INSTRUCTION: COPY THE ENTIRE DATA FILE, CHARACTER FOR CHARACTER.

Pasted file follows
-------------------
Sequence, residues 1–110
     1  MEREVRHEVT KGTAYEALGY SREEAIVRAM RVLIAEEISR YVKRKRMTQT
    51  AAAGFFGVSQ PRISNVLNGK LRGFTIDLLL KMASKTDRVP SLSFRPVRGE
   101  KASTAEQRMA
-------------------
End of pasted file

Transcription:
Sequence, residues 1–110
     1  MEREVRHEVT KGTAYEALGY SREEAIVRAM RVLIAEEISR YVKRKRMTQT
    51  AAAGFFGVSQ PRISNVLNGK LRGFTIDLLL KMASKTDRVP SLSFRPVRGE
   101  KASTAEQRMA